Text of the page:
Sunday, July 01, 2007

July 1, 1898:

TR at Kettle & San Juan Hills

Teddy Roosevelt, who grew up hearing stories of the Great Rebellion, hankered for a piece of that kind of action for himself, and he got his chance in Cuba during the war with Spain. After the outbreak for hostilities, Roosevelt gave up his post as assistant secretary of the Navy and was instrumental in organizing the 1st US Cavalry Volunteer Cavalry Regiment, which is much better known by their nickname "Rough Riders."

According to Scott Mingus Jr., writing in "Teddy Roosevelt and the Rough Riders at Kettle Hill" at "Around noon [on July 1, 1898], the First Infantry Division began their assault on San Juan Hill with the support of General Joseph Wheeler's Cavalry. Seeing the attack on adjacent San Juan Hill starting, Roosevelt still in position in reserve below Kettle Hill became more and more impatient. Finally he was given the command to start the Rough Riders' assault up Kettle Hill. Roosevelt, feeling very excited, began to ride up and down the line urging the men forward. Seeing Roosevelt personally urging them forward, momentum quickly spread and finally the entire regiment was on the move forward, passing the forward lines of other American units...

"As the American cavalry and infantry reached the lower slopes of the hill, Spanish fire became more deadly and more accurate. But... the Rough Riders and their supports continued to steadily climb the hill. As the Americans reached the second fenceline, it became apparent to the Spanish defenders that to avoid hand-to-hand combat, they must withdraw. ...then they began to withdraw.'

"Reaching the top of the hill, the Rough Riders established some initial defensive measures to secure the area as the Spanish on the higher San Juan Hill began to fire upon them. Seeing that the attack on the adjacent height was not going too well as heavy fire and other obstacles were stopping the forward progress, Roosevelt himself decided to lead a charge, a decision reinforced when three Gatling guns got to the top of Kettle Hill to support an attack.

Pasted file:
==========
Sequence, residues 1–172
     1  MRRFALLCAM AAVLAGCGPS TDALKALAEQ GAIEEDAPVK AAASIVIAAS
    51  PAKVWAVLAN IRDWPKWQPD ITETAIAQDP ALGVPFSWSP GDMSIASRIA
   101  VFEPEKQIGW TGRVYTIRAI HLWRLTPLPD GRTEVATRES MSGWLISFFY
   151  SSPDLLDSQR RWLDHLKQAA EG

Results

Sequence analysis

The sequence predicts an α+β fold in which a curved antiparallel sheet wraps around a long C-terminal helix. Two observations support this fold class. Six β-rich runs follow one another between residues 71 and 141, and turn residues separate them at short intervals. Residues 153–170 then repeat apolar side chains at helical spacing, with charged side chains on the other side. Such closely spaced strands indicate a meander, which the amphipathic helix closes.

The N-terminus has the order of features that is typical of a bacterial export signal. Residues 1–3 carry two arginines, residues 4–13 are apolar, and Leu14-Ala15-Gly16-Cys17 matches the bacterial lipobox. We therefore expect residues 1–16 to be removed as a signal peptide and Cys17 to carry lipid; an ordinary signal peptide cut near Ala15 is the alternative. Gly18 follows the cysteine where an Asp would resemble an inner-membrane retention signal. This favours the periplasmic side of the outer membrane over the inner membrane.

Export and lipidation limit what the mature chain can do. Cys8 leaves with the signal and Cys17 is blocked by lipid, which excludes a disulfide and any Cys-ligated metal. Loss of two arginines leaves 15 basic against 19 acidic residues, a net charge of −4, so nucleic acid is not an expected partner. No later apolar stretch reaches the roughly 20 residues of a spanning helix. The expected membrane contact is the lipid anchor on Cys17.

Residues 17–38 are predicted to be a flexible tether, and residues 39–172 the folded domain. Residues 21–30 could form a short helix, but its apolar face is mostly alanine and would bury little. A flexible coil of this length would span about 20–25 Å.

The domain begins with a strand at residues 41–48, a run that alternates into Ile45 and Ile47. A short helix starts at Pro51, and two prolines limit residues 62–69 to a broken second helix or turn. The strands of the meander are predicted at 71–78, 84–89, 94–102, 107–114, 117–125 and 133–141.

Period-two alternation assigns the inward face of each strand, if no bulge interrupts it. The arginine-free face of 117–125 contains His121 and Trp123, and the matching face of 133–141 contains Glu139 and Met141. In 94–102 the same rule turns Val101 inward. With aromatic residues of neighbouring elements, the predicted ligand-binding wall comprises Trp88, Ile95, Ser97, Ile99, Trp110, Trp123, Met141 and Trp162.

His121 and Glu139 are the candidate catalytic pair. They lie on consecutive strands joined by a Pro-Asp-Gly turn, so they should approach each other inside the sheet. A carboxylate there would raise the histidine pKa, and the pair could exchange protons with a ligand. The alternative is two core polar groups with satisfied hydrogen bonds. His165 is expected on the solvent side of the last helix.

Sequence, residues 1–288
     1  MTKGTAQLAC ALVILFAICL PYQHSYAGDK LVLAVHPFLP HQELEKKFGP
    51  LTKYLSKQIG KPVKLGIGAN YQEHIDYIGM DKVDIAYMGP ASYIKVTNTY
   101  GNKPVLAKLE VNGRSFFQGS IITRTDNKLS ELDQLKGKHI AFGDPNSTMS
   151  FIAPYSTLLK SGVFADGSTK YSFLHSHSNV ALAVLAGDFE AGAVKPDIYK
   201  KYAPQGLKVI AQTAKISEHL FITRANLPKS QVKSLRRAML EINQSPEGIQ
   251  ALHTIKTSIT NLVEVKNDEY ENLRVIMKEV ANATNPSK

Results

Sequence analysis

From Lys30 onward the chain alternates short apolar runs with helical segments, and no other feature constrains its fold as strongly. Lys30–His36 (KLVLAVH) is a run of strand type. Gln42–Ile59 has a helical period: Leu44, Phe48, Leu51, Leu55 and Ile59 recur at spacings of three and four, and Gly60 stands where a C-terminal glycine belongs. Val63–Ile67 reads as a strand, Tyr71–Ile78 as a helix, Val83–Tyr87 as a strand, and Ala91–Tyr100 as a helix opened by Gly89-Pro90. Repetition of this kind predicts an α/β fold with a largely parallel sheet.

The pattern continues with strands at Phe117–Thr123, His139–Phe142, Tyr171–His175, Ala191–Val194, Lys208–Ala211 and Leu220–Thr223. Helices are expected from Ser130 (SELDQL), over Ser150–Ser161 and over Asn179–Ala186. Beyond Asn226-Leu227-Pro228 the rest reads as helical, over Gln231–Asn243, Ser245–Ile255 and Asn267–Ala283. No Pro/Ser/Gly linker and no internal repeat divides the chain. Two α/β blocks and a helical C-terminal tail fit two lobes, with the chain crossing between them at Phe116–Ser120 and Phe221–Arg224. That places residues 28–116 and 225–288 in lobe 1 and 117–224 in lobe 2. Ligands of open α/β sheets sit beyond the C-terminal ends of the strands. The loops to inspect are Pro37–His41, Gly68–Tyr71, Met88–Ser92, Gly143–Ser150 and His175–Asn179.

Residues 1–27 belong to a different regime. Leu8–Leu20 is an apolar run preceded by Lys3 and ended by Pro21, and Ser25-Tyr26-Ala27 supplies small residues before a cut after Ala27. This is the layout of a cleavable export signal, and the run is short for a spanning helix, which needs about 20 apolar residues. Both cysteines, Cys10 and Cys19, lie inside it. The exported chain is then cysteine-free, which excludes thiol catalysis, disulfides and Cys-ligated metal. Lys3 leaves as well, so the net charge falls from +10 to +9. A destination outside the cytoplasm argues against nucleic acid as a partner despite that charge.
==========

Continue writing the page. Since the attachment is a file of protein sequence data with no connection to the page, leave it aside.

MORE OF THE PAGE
"Shouting for his men to follow, he jumped over a barbed wire fence and ran down the slope. Roosevelt ran about one hundred yards when he turned around to notice that only five of his troopers had followed him down the slope into the swale between Kettle and San Juan Hills. Roosevelt turned around and returned to the crest of Kettle Hill where his troopers claimed they did not hear his order to charge. Forming them quickly into an assault line, Roosevelt again ordered the charge.

"This time, the entire regiment with support from other nearby forces went forward towards San Juan Hill.... By two thirty in the afternoon, the entire heights were possession of the American troops. With the victory at San Juan Heights, the Americans were able to move into the city of Santiago and establish a good offensive position to fire on the Spanish fleet in the harbor. With the subsequent destruction of the Spanish fleet from an attack from Rear Admiral William T. Sampson, the Americans were able to win the battle, and force and early end to the war.

"Theodore Roosevelt's personal actions at the battle of San Juan Heights would win him the nation's highest military honor, the Congressional Medal of Honor.... His enthusiasm, confidence, bravery, and high regard for his troopers would him enduring fame with his Rough Riders, who associated victory solely with Roosevelt, not with their actual commander Leonard Wood, who has all but been forgotten by history."

Curiously, Roosevelt didn't receive the Medal of Honor in his lifetime; he wasn't nearly as popular with the establishment in Washington as with the public after his deeds on the San Juan Heights. The medal was awarded to him posthumously by President Clinton toward the end of his administration in January 2001. In receiving it, TR became the only president ever to win a Congressional Medal of Honor.

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